October 14, 2007
I've wanted to write for some time now about a few changes we've made in our educational approach. Celine is in grade three this year. I'm not going to spend a lot of time explaining how we've done things up till now since I've blogged about that over the past couple years. Here are some of those posts:
Earlier this year I had a growing desire to compile a reading list for Celine. Watching her devour books I realized I wanted her reading quality books.
As these things often happen, what started as a simple goal took a complicating turn but resulted in greater clarity & purpose. The complicating turn was that when I started to get serious about a reading list in late August, as summer activities were winding down and most kids return to school, I stumbled across Charlotte's Mason's method of homeschooling/teaching.
In the past, I have chosen to not follow a curriculum or prescribed methods as I've felt most comfortable with a relaxed approach and letting the kids learn through play and real life encounters. Those ideas haven't changed but I was beginning to see that Celine needed a little more direction. Specifically in handwriting, composition & math.
Certainly opportunities exist everyday for these skills to be developed and a knowledge base acquired but quite honestly I wasn't diligent enough in capitalizing on all those opportunities. Not to mention some of the daily math we encountered, percentages for example, required a basic foundation that hadn't been laid yet.
So, after reading The Charlotte Mason Companion (Mason's work itself is old and I don't have the patience for late 19th century pedagogy when all I want is the how-to's) and checking out Simply Charlotte Mason, I decided to implement some of Mason's teaching methods in our home school.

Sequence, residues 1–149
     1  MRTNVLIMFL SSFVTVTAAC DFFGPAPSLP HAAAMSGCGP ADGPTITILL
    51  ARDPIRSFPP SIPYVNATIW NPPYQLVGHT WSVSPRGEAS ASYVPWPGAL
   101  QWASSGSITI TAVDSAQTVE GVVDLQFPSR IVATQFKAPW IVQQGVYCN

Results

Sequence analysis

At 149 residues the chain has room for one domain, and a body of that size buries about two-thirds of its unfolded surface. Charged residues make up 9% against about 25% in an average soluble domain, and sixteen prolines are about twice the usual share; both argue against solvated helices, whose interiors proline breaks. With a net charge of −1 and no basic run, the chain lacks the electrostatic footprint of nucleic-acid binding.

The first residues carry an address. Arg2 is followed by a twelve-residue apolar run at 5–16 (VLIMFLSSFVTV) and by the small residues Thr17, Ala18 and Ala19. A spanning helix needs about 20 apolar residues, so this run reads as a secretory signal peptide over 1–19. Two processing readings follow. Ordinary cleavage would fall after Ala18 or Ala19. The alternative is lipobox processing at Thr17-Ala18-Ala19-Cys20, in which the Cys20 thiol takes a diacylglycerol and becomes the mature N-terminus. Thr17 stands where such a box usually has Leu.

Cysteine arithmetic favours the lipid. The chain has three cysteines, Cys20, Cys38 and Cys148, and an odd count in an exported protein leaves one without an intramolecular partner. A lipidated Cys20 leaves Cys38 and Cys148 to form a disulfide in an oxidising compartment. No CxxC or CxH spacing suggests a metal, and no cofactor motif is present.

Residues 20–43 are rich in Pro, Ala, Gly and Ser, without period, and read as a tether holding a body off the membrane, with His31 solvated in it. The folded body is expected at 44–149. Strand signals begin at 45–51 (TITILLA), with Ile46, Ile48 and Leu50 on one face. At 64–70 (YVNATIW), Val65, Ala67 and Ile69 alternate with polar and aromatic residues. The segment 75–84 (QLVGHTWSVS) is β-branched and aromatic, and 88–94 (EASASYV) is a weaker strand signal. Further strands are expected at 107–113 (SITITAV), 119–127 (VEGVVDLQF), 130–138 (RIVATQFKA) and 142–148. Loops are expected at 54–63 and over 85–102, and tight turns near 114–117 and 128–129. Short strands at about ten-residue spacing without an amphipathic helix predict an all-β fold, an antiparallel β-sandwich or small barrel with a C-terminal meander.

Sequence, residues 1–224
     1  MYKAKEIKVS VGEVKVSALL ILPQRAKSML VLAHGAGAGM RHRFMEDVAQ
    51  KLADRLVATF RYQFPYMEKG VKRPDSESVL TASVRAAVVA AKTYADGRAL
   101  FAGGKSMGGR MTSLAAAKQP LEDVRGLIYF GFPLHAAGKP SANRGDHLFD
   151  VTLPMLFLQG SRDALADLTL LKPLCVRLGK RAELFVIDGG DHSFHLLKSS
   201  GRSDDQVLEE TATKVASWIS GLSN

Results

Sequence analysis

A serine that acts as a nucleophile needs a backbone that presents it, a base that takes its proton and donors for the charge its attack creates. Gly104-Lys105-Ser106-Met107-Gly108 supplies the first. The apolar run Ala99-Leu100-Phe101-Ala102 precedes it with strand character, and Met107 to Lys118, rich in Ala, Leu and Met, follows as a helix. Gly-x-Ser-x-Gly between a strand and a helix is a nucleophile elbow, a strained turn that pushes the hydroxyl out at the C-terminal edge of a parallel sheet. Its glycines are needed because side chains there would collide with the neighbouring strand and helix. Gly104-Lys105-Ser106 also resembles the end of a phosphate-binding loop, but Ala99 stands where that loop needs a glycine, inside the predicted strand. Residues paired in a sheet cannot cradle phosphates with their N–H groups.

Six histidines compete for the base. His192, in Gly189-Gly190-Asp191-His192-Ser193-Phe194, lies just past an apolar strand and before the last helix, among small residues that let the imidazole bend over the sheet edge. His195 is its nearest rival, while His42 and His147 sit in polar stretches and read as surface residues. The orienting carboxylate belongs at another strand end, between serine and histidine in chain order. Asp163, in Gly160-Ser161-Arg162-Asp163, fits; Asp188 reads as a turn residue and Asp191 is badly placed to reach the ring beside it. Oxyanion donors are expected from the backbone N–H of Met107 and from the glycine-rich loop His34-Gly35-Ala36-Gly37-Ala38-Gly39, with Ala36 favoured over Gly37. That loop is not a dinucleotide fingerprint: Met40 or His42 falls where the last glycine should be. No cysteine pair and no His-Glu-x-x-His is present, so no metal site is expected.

This planning consumed the first part of September but the time was well spent as I have now have an idea where we are going for the rest of this school year. In other words, our own curriculum.
Much of our daily routine has stayed the same (chores, Bible, playtime, handicrafts) but some notable changes are more time spent reading together, daily practice in math and handwriting for Celine as well as weekly narrations and other composition practice. "Subjects" I'm more intentional about including in our weeks and months are classical music appreciation, art appreciation, poetry and hymn singing and memorization.
I've basically taken the Charlotte Mason approach and tweaked it for our family's goals. Or conversely, taken our approach to education and tweaked it according to Mason's philosophy, which fits very well with my own philosophy of education.
So, that's the condensed description of our new school year. It's been a bit of a change but I'm very happy with where we're going. I've been especially excited to see how Celine is growing in her confidence of narrating what she's read. But that's probably due more to her being developmentally ready to do so, than any changes I can take credit for.
Being home, learning with and teaching my children is such a wonderful vocation. Tiring, yes. Frustrating at times. But oh so satisfying.
I haven't mentioned much about Laurent, who is in grade 1 this year. We're not big into formal schooling (surprise, surprise) so my goals for his school year are very basic - learning to read. But now that Celine is doing a couple more structured activities each day he is wanting to participate as well, something I hadn't anticipated. He'll probably start with Getty Dubay handwriting series soon, as will Brienne who doesn't want to be left behind. He also loves to narrate what he's studying, usually bugs.
Brienne is basically learning whatever Celine and Laurent teach her, which is quite a bit. She also snuggles and reads with us each day so is learning, as much as she can comprehend, about the Medieval period, Ancient Rome, birds, ships, monarchs/caterpillars and whatever else we are reading and studying about.
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